Nutik & Amaroq Play Ball

Nutik & Amaroq Play Ball

by Jean Craighead George
     
 

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Amaroq is a lively Eskimo boy who fives at the top of the world with his best friend, Nutik, the wolf pup. Amaroq was named after a great wolf leader; Nutik is the wolf leader's grandpup. The boy and the wolf pup are like brothers.

One day Amaroq and Nutik want to play football, but their ball has disappeared. What shall they do? Listening to and observing

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Overview

Amaroq is a lively Eskimo boy who fives at the top of the world with his best friend, Nutik, the wolf pup. Amaroq was named after a great wolf leader; Nutik is the wolf leader's grandpup. The boy and the wolf pup are like brothers.

One day Amaroq and Nutik want to play football, but their ball has disappeared. What shall they do? Listening to and observing Nutik's wolf talk, Amaroq follows him outside. The two friends wander out onto the tundra, where there are no trees, no paths, and no landmarks to help them find their way home again. Amaroq is afraid they are lost, but then he remembers what the great wolf leader he was named after would do. By observing nature and following what it says, Amaroq and Nutik are safe again-but not before finding a surprise for both of them!

Amaroq and Nutik's adventure follows the first picture book about them, Nutik, the Wolf Pup, and continues the Arctic saga about these characters originally drawn from Julie's Wolf Pack, sequel to the Newbery Medal-winning Julie of the Wolves.

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Editorial Reviews

Children's Literature
George takes us back into the Arctic world of Amaroq and his dog Nutik from Nutik, the Wolf Pup, for another adventure in the Far North. Amaroq can't play ball with Nutik because some pranksters have taken the ball. As he walks with Nutik, Amaroq tries to understand what Nutik wants to do. The solution is a pleasant surprise, as is Nutik's ability to get them safely home again. Rand's long, double-page, colored drawings flood the skies with different hues, from the front endpapers with streaks of blue and pink to the final pages filled with the red and gold of the setting sun. Into this magic world step an energetic youngster and his frisky pup. There are a few details, like fish drying on racks, but the focus is on the main characters in the vast landscape. The term "Eskimo" is used rather than Inuit. 2001, HarperCollins, $15.95 and $15.89. Ages 4 to 8. Reviewer: Ken Marantz and Sylvia Marantz
School Library Journal
K-Gr 2-In this sequel to Nutik, the Wolf Pup (HarperCollins, 2001), the Eskimo boy and his companion set out on a summer day to entertain themselves. Normally, they love to play football, but their ball is missing since some neighboring pranksters have come by. No other games appeal to Nutik, and the pair's restless wandering takes them far across the tundra. The pup leads the boy to a rusted oil barrel and he finds the football hidden inside. When Amaroq can't find his way back again, it is Nutik who leads them home. This is a sensitive story full of observations of the Arctic wilderness. Rich watercolors capture the beauty of the land as well as the special bond between boy and wolf.-Sally R. Dow, Ossining Public Library, NY Copyright 2001 Cahners Business Information.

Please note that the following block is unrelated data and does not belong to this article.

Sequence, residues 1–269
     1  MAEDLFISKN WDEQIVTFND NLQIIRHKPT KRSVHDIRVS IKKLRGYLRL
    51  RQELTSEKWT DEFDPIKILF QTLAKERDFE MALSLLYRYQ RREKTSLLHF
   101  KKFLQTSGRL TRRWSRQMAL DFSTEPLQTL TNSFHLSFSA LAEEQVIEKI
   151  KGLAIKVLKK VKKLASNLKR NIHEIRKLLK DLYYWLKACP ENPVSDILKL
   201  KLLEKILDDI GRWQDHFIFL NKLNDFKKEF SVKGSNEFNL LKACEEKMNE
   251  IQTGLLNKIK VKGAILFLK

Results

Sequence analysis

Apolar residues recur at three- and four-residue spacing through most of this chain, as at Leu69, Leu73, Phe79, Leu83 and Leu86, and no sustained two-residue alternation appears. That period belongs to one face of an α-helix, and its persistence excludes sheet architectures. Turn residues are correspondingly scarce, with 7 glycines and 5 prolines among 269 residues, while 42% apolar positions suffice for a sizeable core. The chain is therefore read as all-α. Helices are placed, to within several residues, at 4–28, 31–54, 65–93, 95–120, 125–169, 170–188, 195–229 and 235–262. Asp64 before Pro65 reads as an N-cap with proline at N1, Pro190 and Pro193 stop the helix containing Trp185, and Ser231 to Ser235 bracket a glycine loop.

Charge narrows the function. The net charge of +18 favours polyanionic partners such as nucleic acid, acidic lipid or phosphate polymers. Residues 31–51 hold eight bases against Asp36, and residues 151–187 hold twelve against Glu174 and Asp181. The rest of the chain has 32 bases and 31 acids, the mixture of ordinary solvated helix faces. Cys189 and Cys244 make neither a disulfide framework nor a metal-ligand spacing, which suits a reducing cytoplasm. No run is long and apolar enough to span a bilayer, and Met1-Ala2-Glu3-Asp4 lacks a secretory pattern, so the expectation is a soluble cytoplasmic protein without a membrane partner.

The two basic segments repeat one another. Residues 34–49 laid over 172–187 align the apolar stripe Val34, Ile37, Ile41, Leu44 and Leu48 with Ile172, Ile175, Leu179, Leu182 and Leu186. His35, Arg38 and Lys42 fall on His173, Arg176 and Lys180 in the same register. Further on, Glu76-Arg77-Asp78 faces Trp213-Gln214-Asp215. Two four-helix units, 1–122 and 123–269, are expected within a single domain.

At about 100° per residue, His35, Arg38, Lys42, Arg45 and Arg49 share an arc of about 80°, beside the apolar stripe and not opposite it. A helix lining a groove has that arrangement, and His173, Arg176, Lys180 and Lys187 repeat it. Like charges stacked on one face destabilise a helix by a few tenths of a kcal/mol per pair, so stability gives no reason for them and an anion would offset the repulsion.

Kirkus Reviews
Amaroq, the boy, is named for a great wolf leader; the wolf pup, Nutik, is like his brother, characters drawn from Julie's Wolf Pack (1997) and first introduced for younger readers in Nutik, the Wolf Pup (2001). Amaroq is Eskimo and he lives on the tundra, but he and Nutik want to toss around a football, even if the afternoon goes on all night in the Arctic summer. But the Kuklook boys have taken the football, so at Nutik's urging, they go out to explore. They pass the hangar where Amaroq's father keeps his plane, pass the sealskin boat, and pass the fish-drying racks, until Amaroq can no longer see his village. Nutik leads him to an abandoned oil barrel and chivvies him until he reaches inside to find his pilfered ball. They play and skip lunch, and Amaroq still worries about finding his way back. But remembering that the wolf had found the ball, he lets him lead the way home to a late dinner. The language is as crisp and clear as the Arctic day, making universal appeal out of this exotic locale. Rand's pictures combine glorious color with lively characterization of both the boy and the puppy-like wolfling. (Picture book. 5-9)

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Product Details

ISBN-13:
9780060281663
Publisher:
HarperCollins Publishers
Publication date:
06/28/2001
Edition description:
1 ED
Pages:
40
Product dimensions:
11.00(w) x 8.50(h) x 0.25(d)
Age Range:
4 - 8 Years

Meet the Author

Jean Craighead George wrote over one hundred books for children and young adults. Her novel Julie of the Wolves won the Newbery Medal in 1973, and she received a 1960 Newbery Honor for My Side of the Mountain. She continued to write acclaimed picture books that celebrate the natural world. Her other books with Wendell Minor include The Wolves Are Back; Luck; Everglades; Arctic Son; Morning, Noon, and Night; and Galapagos George.

Ted Rand, illustrator of Mailing May and Don't Forget.

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